In “The Package Project" chores familiar to women such as folding laundry, working pastry and wrapping packages, are universal and strike a chord with generations of women. The delicacy of the materials, in this case, tracing paper, beeswax and twine, create a tension between the fragility of the materials and the complexity of the concept they refer to. During the initial stages of the project, groups of women volunteers helped wax, crumple, smooth, fold, tie and knot the packages; many times including personal notes wrapped inside. Since the project’s inception, its process was key to its interpretation. Ultimately, it became evident that the actual making of the packages and the interaction of the public should remain an integral part of the work. Men as well as women were invited, and an interactive performance element was added. As the one on one experience with the public provided a more intimate interaction between artist and participant, the notes became more personal. As the artist recreated a repetitive task, participants were asked to become aware of their thoughts, and to write one down on a small notepaper that in turn, was then tucked inside the package. Each finished package would then join the hundreds of others with no trace of personal identity. This cumulative energy evoked by the hundreds of participants whose touch and thoughts were contributed, remain the driving force that continues to generate this work.
Behind Our Tutus
Digital Images on linen, acrylic, silk organza
(55) 8” x 6” pieces
How we cover ourselves, whether we choose to conform to society’s norms and stereotypical expectations and/or as a means of individual expression, has an impact on how we are perceived through the eyes of others. This response to social expectation and individual expression has challenged women throughout history. The Artist’s intrigue with women’s garments and female identity remains constant in her work.
The ballet tutu becomes the typecast garment in “ Behind Our Tutus”. The tutu represents women’s social cover, and the contrast of the women shown indicates how universal this issue is for women; we see a mix of artists, secretaries, high school students, mothers, writers, prostitutes, etc., and can more readily question how or why this symbol of ultimate femininity came to exist. Many of us grew up with this ballerina syndrome and society’s expectations as to how we should be perceived. The Artist’s interest in the ballet, keeping aside its validation as an art form, questions how women appear in this costume.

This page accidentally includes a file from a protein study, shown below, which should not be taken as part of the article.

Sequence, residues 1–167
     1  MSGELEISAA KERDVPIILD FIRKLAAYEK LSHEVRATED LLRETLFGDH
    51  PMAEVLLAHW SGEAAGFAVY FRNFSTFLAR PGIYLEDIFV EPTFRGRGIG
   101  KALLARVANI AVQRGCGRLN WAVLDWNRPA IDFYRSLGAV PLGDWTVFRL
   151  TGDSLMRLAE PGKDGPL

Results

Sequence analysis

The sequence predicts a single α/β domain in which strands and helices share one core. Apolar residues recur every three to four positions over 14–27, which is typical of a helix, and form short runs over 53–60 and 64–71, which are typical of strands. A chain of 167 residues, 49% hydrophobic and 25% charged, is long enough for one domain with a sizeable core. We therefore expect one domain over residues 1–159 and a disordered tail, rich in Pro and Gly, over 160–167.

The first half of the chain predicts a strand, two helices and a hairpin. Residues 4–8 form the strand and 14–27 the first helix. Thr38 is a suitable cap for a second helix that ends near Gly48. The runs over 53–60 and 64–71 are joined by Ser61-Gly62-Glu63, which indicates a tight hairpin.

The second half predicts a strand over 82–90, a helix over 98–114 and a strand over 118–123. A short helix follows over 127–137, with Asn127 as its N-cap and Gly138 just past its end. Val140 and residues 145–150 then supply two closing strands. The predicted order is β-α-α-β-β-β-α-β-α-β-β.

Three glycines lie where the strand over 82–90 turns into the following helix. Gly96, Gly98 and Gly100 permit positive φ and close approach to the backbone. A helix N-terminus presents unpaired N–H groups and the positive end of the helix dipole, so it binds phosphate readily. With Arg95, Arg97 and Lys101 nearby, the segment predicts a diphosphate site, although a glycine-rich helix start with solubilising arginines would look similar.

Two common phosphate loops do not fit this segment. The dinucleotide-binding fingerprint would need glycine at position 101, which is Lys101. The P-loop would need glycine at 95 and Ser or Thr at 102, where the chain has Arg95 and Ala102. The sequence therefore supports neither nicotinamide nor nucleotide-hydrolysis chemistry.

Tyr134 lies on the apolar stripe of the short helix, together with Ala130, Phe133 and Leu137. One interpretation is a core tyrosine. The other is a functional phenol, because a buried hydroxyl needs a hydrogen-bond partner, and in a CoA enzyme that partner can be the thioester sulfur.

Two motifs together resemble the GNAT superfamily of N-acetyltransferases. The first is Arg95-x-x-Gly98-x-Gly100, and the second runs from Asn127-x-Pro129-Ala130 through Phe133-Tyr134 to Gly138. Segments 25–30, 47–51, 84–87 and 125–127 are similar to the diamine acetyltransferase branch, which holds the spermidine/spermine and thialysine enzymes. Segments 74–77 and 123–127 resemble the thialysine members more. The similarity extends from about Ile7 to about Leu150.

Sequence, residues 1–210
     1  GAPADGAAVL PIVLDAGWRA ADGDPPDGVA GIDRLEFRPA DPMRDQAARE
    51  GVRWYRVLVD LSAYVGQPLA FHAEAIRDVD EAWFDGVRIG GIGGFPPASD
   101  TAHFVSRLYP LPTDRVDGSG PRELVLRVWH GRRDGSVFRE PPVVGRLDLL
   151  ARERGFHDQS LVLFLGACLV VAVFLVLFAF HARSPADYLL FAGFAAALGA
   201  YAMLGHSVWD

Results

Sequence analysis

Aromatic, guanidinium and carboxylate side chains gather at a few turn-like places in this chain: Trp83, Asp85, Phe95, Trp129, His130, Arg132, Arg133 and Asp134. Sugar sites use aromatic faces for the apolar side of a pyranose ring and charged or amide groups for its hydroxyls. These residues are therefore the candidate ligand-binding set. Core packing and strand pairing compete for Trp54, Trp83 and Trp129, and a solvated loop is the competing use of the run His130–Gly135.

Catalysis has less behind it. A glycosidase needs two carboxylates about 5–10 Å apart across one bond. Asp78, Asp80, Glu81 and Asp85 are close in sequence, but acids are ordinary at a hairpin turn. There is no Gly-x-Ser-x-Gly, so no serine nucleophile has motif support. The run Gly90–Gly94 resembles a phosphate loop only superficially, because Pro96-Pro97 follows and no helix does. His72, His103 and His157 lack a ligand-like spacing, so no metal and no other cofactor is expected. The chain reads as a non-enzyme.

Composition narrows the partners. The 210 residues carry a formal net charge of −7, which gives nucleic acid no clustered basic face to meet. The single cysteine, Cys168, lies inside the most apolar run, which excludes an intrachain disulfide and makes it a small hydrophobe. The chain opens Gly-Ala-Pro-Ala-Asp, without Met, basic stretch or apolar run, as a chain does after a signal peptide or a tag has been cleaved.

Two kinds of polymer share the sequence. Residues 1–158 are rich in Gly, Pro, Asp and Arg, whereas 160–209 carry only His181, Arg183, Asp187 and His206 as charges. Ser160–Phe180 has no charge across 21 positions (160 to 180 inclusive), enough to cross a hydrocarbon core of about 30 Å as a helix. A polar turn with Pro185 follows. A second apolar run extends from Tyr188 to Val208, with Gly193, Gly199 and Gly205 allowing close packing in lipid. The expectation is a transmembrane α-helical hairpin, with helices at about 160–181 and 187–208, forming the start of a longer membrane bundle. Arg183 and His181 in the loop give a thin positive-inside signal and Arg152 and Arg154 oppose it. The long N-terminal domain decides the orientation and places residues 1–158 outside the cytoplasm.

Self Portraits With Polka Dots
Domestic Duality Series
Digital Archival Photographs
Self Portraits with Polka Dots is one in a series of works taken from self-portraits taken between two rooms; my bedroom and my studio. In the house where I lived and raised my children outside of New York City, the conflicting passions of career and motherhood, reveals itself over time. Trying to achieve the perfect life of balancing family and career strikes a familiar chord with most women.
“Anne –Marie Was Here...” 2012
This Interactive video installation was inspired by an article in the Atlantic Magazine, written by Anne-Marie Slaughter, “Why Women Still Can’t Have it All”.
by RPM Project collaborative
Rhonda Miterani, Patricia Schnall Gutierrez, Marina Font
A stylized (1980’s) dining table with eight chairs and a hanging chandelier is set and prepared for entertaining. Each of (7) chairs is sculpted with material and has a monitor mounted on top with (7) “talking heads” of women who are present at the table. Each chair takes on the persona of a contemporary woman, playing various roles such as a stay at home “housewife”, a corporate professional, and several others juggling families and careers. The table is adorned with realistic looking decadent cakes and candies. As its host, one of the characters does her best to present the “perfect” brunch. A center chair left empty, sits across from another where a mirror replaces a monitor, inviting the viewer to sit, see their reflection and join the conversation. An iPad replaces her/his place setting where a blog enables the participant to join in the discussion
Through a contemporary interactive video installation, RPM Project literally brings to the table an awareness of what contemporary women, and those that share their lives with them, contend with in their personal and professional lives.